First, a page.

Wednesday, March 30, 2011

Post-Race Commentary—Take #2

                In “Post-Race Commentary—Take #1” I focused on some overall impressions of Race to Nowhere and the subsequent discussion. The piece has a rather typical essay-like framework. For this post, I’m going to take a different approach: bullets, fired almost in scattershot fashion. Each will be some point that struck me as telling or worth some thought, and each certainly contributes to the larger discussion.
·         Almost everybody in the film looks so tired.
·         The film points out so many issues that I’m surprised it omits another one: how this can shape a child’s mindset. I wrote about this early in the year in a piece title “Perception and Perspective.”
·         When I’m observing classes, I watch what the kids are doing just as much as I watch the teacher. In the film, except for one snippet, the kids in class are doing nothing but sitting. They’re not doing; they’re not making; they’re not talking. I am confident they’re not listening. Put all that together and I’m sure they aren’t learning…except for some lessons we’d rather they not get about learning.
·         One of my favorite moments: the young woman who says that the worst question an adult can ask is “And?”
·         Another favorite moment: I forget who says it, but it’s the comment about how we teach everyone as if each is in the top 2%. I’d add that too often we push kids to be in the top 2% in more than one area. That’s why we often treat kids, as it’s put in another catchy line, like “little professionals.”
·         That leads to one of my criticisms of the film. At one point we’re shown Bill Gates, Richard Branson and a couple other people as examples of folks with little college who have done wonderful things. People such as them are not the norm; they are not even a minuscule percentage of that top 2%. The overwhelming majority would benefit from a top-quality education and need it to thrive. Plus even for the exceptional, it doesn’t happen without really hard work and perseverance. Read Gladwell’s Outliers to get a good sense of how even geniuses have to grind it out.
·         Similarly, let’s not forget that the film is a documentary, one with a very particular agenda. While I happen to agree with the basic philosophy of that agenda, in many ways the film is excessive. Many of the examples are extreme. But maybe that’s what is needed to force an examination of a real problem.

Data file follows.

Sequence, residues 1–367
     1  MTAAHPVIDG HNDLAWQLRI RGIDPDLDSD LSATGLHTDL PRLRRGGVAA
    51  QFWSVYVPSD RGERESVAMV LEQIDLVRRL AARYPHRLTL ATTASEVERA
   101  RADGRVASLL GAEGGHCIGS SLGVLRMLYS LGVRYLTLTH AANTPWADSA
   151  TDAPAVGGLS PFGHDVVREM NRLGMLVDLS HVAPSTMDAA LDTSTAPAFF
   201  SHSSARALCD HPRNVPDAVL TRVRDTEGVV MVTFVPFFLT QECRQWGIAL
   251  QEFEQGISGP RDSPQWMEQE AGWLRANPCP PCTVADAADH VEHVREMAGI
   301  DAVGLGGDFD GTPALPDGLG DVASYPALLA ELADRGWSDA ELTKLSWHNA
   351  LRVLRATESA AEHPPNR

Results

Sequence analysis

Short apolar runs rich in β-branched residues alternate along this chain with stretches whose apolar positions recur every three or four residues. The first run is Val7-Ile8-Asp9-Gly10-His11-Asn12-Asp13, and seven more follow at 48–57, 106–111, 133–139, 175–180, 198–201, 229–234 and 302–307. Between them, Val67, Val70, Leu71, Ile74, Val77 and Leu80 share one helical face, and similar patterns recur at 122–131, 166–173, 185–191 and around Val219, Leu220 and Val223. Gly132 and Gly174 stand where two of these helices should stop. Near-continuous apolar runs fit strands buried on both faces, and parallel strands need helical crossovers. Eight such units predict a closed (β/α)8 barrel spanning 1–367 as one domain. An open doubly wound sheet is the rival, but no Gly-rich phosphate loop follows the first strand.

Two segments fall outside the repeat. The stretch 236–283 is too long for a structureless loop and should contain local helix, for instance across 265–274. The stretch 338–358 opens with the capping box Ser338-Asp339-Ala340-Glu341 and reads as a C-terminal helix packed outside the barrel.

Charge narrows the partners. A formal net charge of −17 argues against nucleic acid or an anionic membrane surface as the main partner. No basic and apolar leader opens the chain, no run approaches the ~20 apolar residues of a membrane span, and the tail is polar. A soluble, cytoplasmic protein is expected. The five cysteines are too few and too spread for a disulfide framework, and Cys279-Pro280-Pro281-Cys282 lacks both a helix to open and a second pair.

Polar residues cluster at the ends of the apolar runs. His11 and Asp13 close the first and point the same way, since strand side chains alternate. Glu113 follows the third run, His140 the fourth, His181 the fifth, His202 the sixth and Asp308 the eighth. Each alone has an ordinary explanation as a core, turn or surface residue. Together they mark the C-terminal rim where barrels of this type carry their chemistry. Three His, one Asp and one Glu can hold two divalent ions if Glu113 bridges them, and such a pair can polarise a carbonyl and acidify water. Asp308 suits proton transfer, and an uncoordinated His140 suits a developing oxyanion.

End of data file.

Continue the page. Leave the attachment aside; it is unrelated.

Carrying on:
·         Many people were very compelling, but for me two really stole the show. I forget the first one’s name, but he is the teacher whose father works in a psychiatric ward. His mix of passion and intellect were awesome. The other is Denise Pope, who works at Stanford. I highly recommend her book Doing School.
·         I find it ironic that the film highlights Challenge Success and several people from the education school at Stanford University. I admire them and their work…but Stanford is one of the institutions that students chase in this race. Stanford exacerbates the problem as much as anyplace.
·         The AP biology teacher points out that he cut the homework in half and scores went up. I applaud his courage, particularly in a course where people judge the quality of the teaching by a single measure. But I’d also like to know what type of homework he was giving. I don’t believe homework is necessarily bad and that it should be abolished. I believe fervently, however, that we need to rethink the purpose and type of homework typically given.
What moments in the film stand out to you? How would you boil down the message?

Sunday, March 27, 2011

Post-Race Commentary--#1

                This past Friday we hosted a screening of Race to Nowhere, followed by some discussion. I’m still trying to crystallize the essence of all I saw and heard. In most ways, it affirmed my thoughts in a pre-viewing post.
                The film provokes quite a visceral effect. When slapped in the face, the reflex is to hit back. In the film targets abound. Media; technology; demographics; a competitive culture and its definitions of success; parental pressure; a lack of appreciation of learning for growth’s sake; career and job fixation; demands of the next level; No Child Left Behind; messages sent by the school—all probably deserve some of the anger and associated blame. Certainly I have cast blame. I recall several years ago, when a dean at a leading university declared very publicly that high-pressure schools needed to stop sending them burned-out kids. I e-mailed her and asked when schools such as hers would stop making kids believe they have to burn themselves out to gain admission. I wish I’d received a response, because then I could better understand the pressures she had feeling from someplace.